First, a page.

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Appellant Harold Cost was arrested for various firearms offenses and filed a motion to suppress. At an ensuing hearing, the lead investigating officer initially explained that he was patrolling a high crime area in Philadelphia in an unmarked vehicle at approximately 9 p.m., when his partner observed Appellant and three other individuals in an alley. The officer suspected "there might be something going on back there," and circled back around the block to stop in front of the alleyway. The officer did not activate his vehicle's sirens or lights, but did announce "police" when exiting the vehicle. The issue this case presented for the Pennsylvania Supreme Court's review centered on whether a seizure occurred during this police-citizen encounter, specifically the officer’s retention of appellant's identification card. The question reduced to whether a reasonable person would have felt free to ignore the police presence and proceed about his business while, amongst the other circumstances presented, the person was questioned by police as an officer continued to hold his identification and conduct a warrant check. The Court concluded, as did the suppression court, appellant was indeed seized. View "Pennsylvania v. Cost" on Justia Law

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At issue was whether the evidence presented against mother E.A. was sufficient to establish she was a perpetrator of child abuse under the Child Protective Services Law ("CPSL"). In 2016, Mother presented to a Philadelphia emergency room with her six year old daughter, N.B.-A. ("Child"). Mother reported that Child had been experiencing vaginal discharge for three days. In response to questions by hospital staff, Mother indicated that she had no concerns that Child may have been sexually abused. Lab testing of the vaginal swabs revealed that Child had chlamydia, a sexually-transmitted infection. Although Mother told hospital staff no males lived in the home, Child stated that she lived with Mother, Grandmother, and three adult male “uncles.” In actuality, the males were Mother’s husband and Mother’s two stepsons. The Pennsylvania Supreme Court determined that the evidence in this case was insufficient to establish Mother abused her child: "Applying the Section 6381(d) presumption to cases such as the one before us, where DHS presented no evidence that Mother was or should have been aware that Stepbrother posed a risk to Child, or that he or anyone else was abusing Child, would essentially allow a parent to be deemed a perpetrator of child abuse by omission in every case where a child is abused, placing the burden on the parent to prove that they had no reason to believe that their child was at risk." View "In the Interest of: N.B.-A." on Justia Law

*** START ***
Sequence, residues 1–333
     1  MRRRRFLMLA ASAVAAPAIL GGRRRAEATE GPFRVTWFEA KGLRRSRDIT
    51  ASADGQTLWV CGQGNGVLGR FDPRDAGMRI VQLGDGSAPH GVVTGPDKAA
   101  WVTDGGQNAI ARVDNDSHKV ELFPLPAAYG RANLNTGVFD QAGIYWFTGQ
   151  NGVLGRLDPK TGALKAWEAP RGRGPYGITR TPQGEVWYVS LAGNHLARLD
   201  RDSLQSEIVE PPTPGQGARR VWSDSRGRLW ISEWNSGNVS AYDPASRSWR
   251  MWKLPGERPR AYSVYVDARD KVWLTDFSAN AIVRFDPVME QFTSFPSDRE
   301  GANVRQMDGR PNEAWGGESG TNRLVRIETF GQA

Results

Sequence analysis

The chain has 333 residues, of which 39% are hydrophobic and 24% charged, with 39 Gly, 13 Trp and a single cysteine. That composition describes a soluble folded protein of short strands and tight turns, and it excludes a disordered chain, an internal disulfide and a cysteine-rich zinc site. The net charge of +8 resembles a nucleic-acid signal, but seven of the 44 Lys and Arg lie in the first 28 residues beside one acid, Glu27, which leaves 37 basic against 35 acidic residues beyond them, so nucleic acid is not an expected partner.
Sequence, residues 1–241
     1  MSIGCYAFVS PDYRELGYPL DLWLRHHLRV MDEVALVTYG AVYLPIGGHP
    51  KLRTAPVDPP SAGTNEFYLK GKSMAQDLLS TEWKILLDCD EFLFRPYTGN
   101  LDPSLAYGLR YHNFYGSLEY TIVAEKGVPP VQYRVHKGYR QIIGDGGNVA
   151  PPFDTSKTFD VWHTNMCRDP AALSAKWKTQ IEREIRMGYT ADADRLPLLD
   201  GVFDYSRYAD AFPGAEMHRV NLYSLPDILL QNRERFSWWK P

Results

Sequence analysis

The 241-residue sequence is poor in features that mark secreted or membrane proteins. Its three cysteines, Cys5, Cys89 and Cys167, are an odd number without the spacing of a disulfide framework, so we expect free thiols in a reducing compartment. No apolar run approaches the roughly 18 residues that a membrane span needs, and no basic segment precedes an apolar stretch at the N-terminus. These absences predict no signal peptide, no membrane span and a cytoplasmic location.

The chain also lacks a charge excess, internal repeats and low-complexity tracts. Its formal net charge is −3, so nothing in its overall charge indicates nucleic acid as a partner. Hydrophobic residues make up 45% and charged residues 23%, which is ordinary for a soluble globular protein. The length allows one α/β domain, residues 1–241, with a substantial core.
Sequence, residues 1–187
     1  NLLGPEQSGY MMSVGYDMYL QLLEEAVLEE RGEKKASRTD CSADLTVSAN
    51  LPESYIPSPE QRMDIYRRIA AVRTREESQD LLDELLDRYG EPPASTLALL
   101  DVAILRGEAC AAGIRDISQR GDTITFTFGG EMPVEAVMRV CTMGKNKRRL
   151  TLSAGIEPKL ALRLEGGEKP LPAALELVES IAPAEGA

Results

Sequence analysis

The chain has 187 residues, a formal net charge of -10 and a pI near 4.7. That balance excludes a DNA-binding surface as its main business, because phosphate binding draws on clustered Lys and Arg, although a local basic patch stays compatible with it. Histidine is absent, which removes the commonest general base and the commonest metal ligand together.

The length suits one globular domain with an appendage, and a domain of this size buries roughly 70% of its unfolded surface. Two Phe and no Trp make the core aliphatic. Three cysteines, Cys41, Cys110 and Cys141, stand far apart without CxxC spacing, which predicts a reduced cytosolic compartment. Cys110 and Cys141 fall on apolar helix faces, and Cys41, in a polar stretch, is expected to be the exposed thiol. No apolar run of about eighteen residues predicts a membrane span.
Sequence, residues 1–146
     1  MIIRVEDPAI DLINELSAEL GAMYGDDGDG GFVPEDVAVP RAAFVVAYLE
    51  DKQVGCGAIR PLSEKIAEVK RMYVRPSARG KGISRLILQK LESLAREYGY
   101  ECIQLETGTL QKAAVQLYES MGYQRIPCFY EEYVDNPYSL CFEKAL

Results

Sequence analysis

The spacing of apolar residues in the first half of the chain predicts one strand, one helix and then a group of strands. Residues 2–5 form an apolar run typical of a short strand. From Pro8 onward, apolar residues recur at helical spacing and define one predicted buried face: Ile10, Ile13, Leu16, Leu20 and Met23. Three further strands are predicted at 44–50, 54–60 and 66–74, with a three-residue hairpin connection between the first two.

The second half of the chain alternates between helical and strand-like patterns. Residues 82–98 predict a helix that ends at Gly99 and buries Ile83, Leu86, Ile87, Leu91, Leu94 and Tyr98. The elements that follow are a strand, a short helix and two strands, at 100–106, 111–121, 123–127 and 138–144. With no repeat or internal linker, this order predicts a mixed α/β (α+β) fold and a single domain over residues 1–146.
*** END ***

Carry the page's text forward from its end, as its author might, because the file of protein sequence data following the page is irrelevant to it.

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Changes to the Pennsylvania Human Services Code terminated a cash assistance program for certain low-income individuals administered by the Department of Human Services ("DHS"). Appellants, being aggrieved by the termination of Cash Assistance, filed in the Commonwealth Court’s original jurisdiction, a Class Action Petition for Review on behalf of themselves and others similarly situated, seeking a preliminary injunction to prevent that aspect of the law from taking effect until a final merits determination as to the constitutionality of the act as a whole could be reached. The Commonwealth Court denied the request. After review, the Pennsylvania Supreme Court concluded the Commonwealth Court did not abuse its discretion in determining Appellants failed to carry their burden with regard to the likelihood-of-success-on-the-merits aspect of the standard for preliminary injunctive relief. That being the case, the Supreme Court did not not address whether the court erred in finding that Appellants failed to demonstrate irreparable harm. View "Weeks v. DHS" on Justia Law